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10 Stats that Matter

No one knows the future, so we like to prepare for a range of outcomes in times of uncertainty rather than forecast the unknowable. Here are 10 stats that are useful when considering the next 12-18 months and how it might impact investors.

Hugh Selby-Smith | Talaria Capital

 

Back in May 2021 the US Federal Reserve’s narrative on inflation was that it would be transitory, while only a year ago it estimated the funds rate would peak at 1.75%. Back then we put together a list of 8 stats that we thought were important for investors to consider when thinking about the possibility of the opposite: the chance of persistent and high levels of inflation. 

Fast forward to today and there’s no doubt inflation and interest rates are still on the rise, with the Fed expecting the peak to be over 4.5%, and so the debate is now about how high and for how long. 

No one knows the future, so we like to prepare for a range of outcomes in times of uncertainty rather than forecast the unknowable. As a result, we’ve put together another list – this time 10 stats that we think are useful when considering the next 12-18 months and how it might impact investors. 

  • 45%: Meta has seen revenues grow from $5bn to $117bn since listing in 2012 but had underperformed the S&P500 by 45% to December 31 2022 for an investor who bought into the IPO. (Price matters) (Has recovered in Jan 2023)
  • $8.5 trillion: The S&P lost $8.5tn in market capitalization in 2022. This is nearly the entire market cap of the S&P 500 in 2011. (What goes up often comes down)
  • Up 9%, down 6%: Since June 2022 until 31 Jan 2023, earnings forecasts for the US market are down 6% despite the market going up 9% over that period. (There is a disconnect in the market) 
  • $700 billion: Tesla remains the 5th largest stock in the S&P index after losing $700bn in market capitalization in 2022 – for perspective the bottom 71 in the S&P could be bought in February 2023 with $700bn, which have a combined revenue over $640bn. (The index is not diversified) 
  • 11.2%: As at the third quarter of 2022, US Corporate net margins reached 11.2% - one of the highest readings since records began. (The downside risk to margins is high.)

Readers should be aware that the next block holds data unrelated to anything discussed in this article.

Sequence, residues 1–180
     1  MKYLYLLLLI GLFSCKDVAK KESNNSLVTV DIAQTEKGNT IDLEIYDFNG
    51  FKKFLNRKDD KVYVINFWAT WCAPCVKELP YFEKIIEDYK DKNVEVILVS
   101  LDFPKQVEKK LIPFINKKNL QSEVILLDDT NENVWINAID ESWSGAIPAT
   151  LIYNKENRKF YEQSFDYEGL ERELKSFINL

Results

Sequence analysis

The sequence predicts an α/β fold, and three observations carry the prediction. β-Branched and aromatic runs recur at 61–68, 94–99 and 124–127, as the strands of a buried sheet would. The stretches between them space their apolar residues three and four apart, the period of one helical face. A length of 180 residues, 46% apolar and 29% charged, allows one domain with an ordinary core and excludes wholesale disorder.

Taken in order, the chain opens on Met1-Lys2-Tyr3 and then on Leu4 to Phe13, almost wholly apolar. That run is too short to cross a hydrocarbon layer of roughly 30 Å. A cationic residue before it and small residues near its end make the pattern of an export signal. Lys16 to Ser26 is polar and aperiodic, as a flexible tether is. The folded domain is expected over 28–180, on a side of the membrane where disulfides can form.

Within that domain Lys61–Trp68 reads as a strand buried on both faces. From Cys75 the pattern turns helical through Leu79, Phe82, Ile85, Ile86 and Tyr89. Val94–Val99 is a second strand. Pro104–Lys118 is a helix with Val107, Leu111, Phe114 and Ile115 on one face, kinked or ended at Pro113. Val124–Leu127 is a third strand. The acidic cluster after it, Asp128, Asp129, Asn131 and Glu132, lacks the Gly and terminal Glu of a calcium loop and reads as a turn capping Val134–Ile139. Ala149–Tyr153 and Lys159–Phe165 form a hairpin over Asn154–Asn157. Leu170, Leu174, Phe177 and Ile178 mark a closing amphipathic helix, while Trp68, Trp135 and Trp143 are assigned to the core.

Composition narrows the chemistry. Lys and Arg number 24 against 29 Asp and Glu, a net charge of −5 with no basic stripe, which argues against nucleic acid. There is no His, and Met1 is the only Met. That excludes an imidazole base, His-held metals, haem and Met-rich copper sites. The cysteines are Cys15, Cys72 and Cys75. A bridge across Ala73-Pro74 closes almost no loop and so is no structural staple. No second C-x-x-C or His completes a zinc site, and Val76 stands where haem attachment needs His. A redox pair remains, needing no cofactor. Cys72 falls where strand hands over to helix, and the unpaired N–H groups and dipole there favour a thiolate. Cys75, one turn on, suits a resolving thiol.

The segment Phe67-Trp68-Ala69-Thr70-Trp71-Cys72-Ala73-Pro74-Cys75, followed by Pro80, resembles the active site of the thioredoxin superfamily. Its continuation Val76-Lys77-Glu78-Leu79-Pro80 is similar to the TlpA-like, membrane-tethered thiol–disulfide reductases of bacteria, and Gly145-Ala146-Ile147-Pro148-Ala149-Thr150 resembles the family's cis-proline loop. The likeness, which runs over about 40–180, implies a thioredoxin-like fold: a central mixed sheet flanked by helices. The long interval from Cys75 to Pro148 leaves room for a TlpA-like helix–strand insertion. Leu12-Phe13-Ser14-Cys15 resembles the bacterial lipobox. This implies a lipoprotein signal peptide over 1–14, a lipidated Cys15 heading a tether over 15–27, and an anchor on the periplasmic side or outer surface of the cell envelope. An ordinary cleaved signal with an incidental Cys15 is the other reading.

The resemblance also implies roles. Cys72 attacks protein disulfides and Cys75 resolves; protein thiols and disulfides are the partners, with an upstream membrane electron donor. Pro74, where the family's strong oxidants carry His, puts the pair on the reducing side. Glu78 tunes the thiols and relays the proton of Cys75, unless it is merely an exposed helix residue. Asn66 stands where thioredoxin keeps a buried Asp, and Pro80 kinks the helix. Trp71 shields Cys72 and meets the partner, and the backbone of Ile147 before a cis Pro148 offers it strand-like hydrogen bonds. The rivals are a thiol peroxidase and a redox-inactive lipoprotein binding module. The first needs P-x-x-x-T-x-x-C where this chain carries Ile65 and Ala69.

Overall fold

• Third largest: Amazon is estimated to generate $40bn of advertising sales in 2022 – 27.5bn more than in 2019 leaving it as the third largest advertising company in the world with a 5% market share. (Alphabet and FB with 45% global advertising market share are set to move from offence to defense.)
  • 5%: Over the last 2 years to 31 December 2022 – Japan’s largest telecom company has been a better share than Microsoft - 5% outperformance in USD. (There is value outside the US) 
  • Guaranteed: More than 100% of bank loans in Italy and 70% of loans in France are guaranteed by the government. (The role of central banks is diminishing)
  • 86%:  Investors are paying 86% more for every dollar of sales in the US than they are in Japan – but gross profitability is only 10% lower. (Diversify across regions)
  • ¼: The global dependency ratio is increasing so that over the next 30 years there will only be 4 working-aged people for every single retiree over 65. This compares to 7 working aged people at the end of 2021. At the same time, world Debt to GDP has grown to 256% today from 145% after WW2 (Labour shortages are only going to get more acute)

 

These stats consider valuation, earnings, diversification and the investor experience. As it stands the established relationships between interest rates, leading economic indicators, and corporate earnings all point towards falling profitability into the second half of 2023, meaning numbers, not narrative really matters. 

Want to learn more? Hugh Selby-Smith from Talaria Capital joined Gemma Dale on the Your Wealth podcast to discuss what these 10 stats mean for investors right now.

 

All prices and analysis at 7 December 2022. This content has been created by Talaria Asset Management (AFSL 333732). This material is intended to provide general advice only. It has been prepared without having regard to or taking into account any particular investor’s objectives, financial situation and/or needs. All investors should therefore consider the appropriateness of the advice, in light of their own objectives, financial situation and/or needs, before acting on the advice. This article does not reflect the views of WealthHub Securities Limited.